Daily Expedition Reports
Westman Islands, Iceland
  • Daily Expedition Reports
  • 24 Jul 2019

Westman Islands, Iceland

  • Aboard the National Geographic Explorer
  • Arctic
Our expedition leader Lucho’s voice dragged us from our slumber once again this morning, and it wasn’t to announce breakfast. This time, a sperm whale had been spotted from the bridge, and this was worth getting up for, as they are not a common sighting. The glassy surface of the ocean was disturbed only by the whale’s movement, before it raised its fluke and dived down into the deep. However, it wasn’t long before more cetaceans were seen. A large pod of pilot whales was feeding at the surface and we were once again summoned to enjoy the encounter. Before long, even this was topped by the most iconic of marine predators—the killer whale—when the bridge team spotted a pod among the diving gannets near the island of Surtsey. Just off these spectacular cliffs, it was a frenzy of activity in the water with gannets plunging into the ocean to feed, and small groups of killer whales and pilot whales seemingly in every direction. Once we had filled our memory cards and gorged on the wildlife feast on display, National Geographic Explorer headed for Surtsey, to give our guests an entirely different view from the ship. Surtsey did not exist until a volcanic eruption in 1967 pushed it up through the ocean. Since its creation, this island has become a place of great interest to biologists as it has gradually been colonized by various lifeforms. After lunch, we began our dramatic entrance into Heimaey, another island shaped by volcanic activity. The island erupted in 1973, covering half of the town in lava and nearly closing the harbor, threatening to leave the islanders’ only exit blocked. Some of us chose to climb this volcano in the afternoon and witness not only breathtaking views but also the heat escaping at its summit. After the hike, we made our way down to the exceptional volcano museum built around some of the houses submerged in the tephra from the eruption, and right on the edge of the town’s new limits. Other guests chose to explore the town, particularly the island’s first microbrewery, Brothers Brewery, where we sampled the Eldfell Volcano Red Ale (named after the nearby volcano), a Puffin Summer Ale, and a sour beer flavored with blueberry skyr. Those who stayed to sample more were left to stumble back to the ship for the captain’s farewell cocktails and a final meal on board National Geographic Explorer.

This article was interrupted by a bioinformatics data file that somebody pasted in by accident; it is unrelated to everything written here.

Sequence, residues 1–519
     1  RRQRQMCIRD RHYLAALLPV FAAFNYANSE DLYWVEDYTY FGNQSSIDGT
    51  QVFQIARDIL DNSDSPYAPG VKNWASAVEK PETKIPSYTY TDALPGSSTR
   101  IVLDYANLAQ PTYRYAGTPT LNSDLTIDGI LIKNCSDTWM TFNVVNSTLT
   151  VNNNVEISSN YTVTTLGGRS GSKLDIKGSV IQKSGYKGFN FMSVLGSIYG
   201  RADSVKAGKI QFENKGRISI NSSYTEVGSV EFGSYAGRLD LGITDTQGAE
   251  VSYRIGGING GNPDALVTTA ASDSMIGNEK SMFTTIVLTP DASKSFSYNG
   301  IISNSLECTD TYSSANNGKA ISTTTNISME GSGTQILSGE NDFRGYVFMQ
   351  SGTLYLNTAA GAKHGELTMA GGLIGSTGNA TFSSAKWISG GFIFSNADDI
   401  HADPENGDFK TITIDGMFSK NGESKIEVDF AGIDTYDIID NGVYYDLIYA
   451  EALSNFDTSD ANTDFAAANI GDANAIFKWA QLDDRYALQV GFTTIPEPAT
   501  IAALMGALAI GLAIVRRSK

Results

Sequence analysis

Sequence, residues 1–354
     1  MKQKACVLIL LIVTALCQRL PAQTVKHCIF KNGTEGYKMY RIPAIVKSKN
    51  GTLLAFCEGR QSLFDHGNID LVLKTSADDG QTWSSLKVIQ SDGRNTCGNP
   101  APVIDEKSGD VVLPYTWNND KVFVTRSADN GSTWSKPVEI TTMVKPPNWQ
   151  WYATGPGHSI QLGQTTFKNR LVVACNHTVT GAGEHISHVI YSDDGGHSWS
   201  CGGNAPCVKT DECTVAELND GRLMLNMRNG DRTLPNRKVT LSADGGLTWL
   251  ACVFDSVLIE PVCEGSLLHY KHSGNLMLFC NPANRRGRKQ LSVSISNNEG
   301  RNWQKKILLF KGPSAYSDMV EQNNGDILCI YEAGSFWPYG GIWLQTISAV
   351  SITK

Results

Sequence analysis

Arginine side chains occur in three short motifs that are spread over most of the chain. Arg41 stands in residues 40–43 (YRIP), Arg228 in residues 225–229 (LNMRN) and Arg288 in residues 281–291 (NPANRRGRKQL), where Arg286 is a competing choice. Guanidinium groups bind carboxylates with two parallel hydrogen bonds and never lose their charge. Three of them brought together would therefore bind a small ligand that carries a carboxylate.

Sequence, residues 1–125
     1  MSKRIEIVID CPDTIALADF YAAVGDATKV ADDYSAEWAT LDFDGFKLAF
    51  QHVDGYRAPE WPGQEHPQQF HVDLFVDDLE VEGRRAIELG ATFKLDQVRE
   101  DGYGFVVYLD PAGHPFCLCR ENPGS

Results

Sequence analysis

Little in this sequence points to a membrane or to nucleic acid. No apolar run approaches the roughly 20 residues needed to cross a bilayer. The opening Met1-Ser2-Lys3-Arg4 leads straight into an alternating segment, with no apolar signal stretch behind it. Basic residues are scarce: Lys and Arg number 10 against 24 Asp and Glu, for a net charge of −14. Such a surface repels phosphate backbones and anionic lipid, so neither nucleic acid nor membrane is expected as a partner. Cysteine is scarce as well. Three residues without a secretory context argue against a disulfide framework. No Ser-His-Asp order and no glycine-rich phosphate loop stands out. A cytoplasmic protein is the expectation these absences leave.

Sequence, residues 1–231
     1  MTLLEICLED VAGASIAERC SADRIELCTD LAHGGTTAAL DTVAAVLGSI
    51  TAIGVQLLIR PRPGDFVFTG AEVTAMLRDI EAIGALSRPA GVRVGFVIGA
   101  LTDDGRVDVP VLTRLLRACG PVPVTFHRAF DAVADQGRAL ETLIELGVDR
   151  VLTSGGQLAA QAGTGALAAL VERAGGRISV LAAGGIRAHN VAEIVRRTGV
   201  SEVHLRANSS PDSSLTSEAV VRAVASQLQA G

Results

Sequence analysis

Previous Article

Cruising Chatham Strait and Sitkoh Bay

Next Article

Oban, Scotland

A Circumnavigation of Iceland

VIEW ITINERARY